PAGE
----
One of the most legendary battles in history occurred in 480 BC between Xerxes of Persia and Leonidas of Sparta during the 2nd Persian Invasion of Greece. The Greek forces blocked one of the only mountain passes and dared the Persians to break through. Although vastly outnumbered, the Spartans and Allies held on for a week defying the superpower of the time it’s planned advances. 

These are the actual Persian arrowheads that fell thick enough to “Block out the sun” encouraging the infamous reply, “Then we will fight in the shade”. The line is famous from the movie, but was supposedly said by a Spartan, at least according to one ancient source.

Nearly everyone knows of the Battle of Thermopylae, immortalized in the movie 300, but not as well known was the naval battle taking place simultaneously in the straits of Artemisium. The Greek general Themistocles decided to block the key passes on land and water to stop the Persian advance. Both groups of Greek fought the Persians to a standstill, but the overwhelming numbers of Persians eventually forced a retreat at sea and a defeat on land. 

Although Xerxes won both battles, his army was defeated the next year by a combined Greek hoplite force larger than had never been seen before. 

For striking accounts written by a contemporaneous author, I highly suggest reading Herodotus’ Histories, free online. Herodotus is considered by many to be the “Father of History” as he attempts to explain the origins, peoples and politics involved in the Greco-Persian Wars. He gets a lot wrong, but it is interesting as an insight into the time.

Artemesion Bronze

This striking statue was recovered from underwater off the coast of Euboea, Greece in 1928. It is called the Artemesion Bronze and is one of the most iconic images used today to represent ancient Greece.

Quite a bit of mystery surrounds this legendary piece. We do not know where it comes from, or where it was going. The shipwreck that the artifacts were being recovered from proved deadly for the archaeologists. One diver perished and the operation was abandoned.

The ship transporting the Artemsion Bronze sank in the 2nd Century BCE so it may be Roman loot or it may have simply been on its way towards it’s destination. Either way, a sunk ship and a dead explorer haunt the past of this piece.

His empty eyes are striking. They likely contained inserts that have long since fallen out. The magnificent find in a shipwreck helped spur the development of underwater archaeology in an attempt to discover more about our collective past.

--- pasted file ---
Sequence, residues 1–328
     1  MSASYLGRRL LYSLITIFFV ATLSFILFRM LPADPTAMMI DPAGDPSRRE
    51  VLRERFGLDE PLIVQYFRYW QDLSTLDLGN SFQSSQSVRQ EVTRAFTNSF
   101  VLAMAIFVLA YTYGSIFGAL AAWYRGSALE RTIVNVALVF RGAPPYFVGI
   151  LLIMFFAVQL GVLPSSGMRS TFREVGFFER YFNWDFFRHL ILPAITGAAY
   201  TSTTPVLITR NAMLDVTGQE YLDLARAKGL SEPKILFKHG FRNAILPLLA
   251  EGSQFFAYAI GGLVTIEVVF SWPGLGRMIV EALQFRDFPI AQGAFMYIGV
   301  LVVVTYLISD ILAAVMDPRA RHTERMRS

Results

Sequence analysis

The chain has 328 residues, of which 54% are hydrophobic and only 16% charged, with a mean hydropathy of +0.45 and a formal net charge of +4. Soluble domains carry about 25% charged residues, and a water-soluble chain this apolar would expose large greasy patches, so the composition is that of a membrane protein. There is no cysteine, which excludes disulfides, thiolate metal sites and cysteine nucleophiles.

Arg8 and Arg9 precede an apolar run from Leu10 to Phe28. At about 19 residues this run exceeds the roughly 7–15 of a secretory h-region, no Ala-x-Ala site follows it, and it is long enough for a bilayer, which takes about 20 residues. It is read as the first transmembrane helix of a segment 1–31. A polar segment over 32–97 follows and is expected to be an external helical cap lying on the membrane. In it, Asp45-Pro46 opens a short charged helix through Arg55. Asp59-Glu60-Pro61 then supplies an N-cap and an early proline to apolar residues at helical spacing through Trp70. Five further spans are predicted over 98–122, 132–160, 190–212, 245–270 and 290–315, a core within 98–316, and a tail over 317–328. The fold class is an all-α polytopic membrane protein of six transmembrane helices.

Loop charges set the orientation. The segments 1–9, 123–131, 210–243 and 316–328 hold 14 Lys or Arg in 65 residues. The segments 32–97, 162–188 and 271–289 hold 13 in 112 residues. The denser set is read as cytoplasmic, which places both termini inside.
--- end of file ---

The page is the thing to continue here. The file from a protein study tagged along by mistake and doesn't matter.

There is even some debate over who is represented here, Poseidon or Zeus? Many scholars believe it to be Zeus. With the eye inserts lost to the sea his face is haunting, strong and intimidating.

The athletic pose shows the god is about to launch something, a trident if you think this is Poseidon and a thunderbolt if you lean towards Zeus.

Mask of Agamemnon

Referred to incorrectly as the Mask of Agamemnon, this artifact was discovered in a Mycenaean grave shaft near the ancient city of Mycenae. This culture pre-dates the Greeks and may have been an inspiration for some of the epic tales that inspired later Greek cultures such as the Iliad. The impact of these myths and ancient stories reverberate today. Even this artifact is incorrectly named after one of the Iliad’s main characters, King Agamemnon. 

This mask was excavated by the infamous “archaeologist” Heinrich Schleimann. More of a business man with a trinket obsession than an archaeologist, he butchered the site where Troy was supposedly located. Using dynamite and other expedient yet provenience-destroying methods he accidentally dug right through the actual site he was looking for. This forever tainted much of the real evidence from the actual time period he was investigating. His “Troy” was actually a city from much, much earlier.

Schleimann thought he had found the burial for the mythical King Agamemnon of Trojan War fame. He sent a message to the King of Greece stating “I have gazed upon the face of Agamemnon”. The name stuck even when real archaeological dating placed the mask hundreds of years before the Trojan War.

In fact Heinrich is so unscrupulous that some have even come to doubt the authenticity of the Mask of Agamemnon itself. The argument is that the styles do not match what is known from other Mycenaean grave sites and Heinrich was known to fraudulently place “artifacts” in his sites to bolster his reputation and funding.